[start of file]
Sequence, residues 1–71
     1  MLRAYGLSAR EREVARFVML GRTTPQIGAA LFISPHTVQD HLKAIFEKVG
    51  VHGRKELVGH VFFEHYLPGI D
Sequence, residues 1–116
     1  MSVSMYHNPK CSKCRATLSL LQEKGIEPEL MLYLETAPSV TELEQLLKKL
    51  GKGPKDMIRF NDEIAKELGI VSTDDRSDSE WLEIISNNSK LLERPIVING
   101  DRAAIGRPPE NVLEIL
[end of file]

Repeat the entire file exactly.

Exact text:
Sequence, residues 1–71
     1  MLRAYGLSAR EREVARFVML GRTTPQIGAA LFISPHTVQD HLKAIFEKVG
    51  VHGRKELVGH VFFEHYLPGI D
Sequence, residues 1–116
     1  MSVSMYHNPK CSKCRATLSL LQEKGIEPEL MLYLETAPSV TELEQLLKKL
    51  GKGPKDMIRF NDEIAKELGI VSTDDRSDSE WLEIISNNSK LLERPIVING
   101  DRAAIGRPPE NVLEIL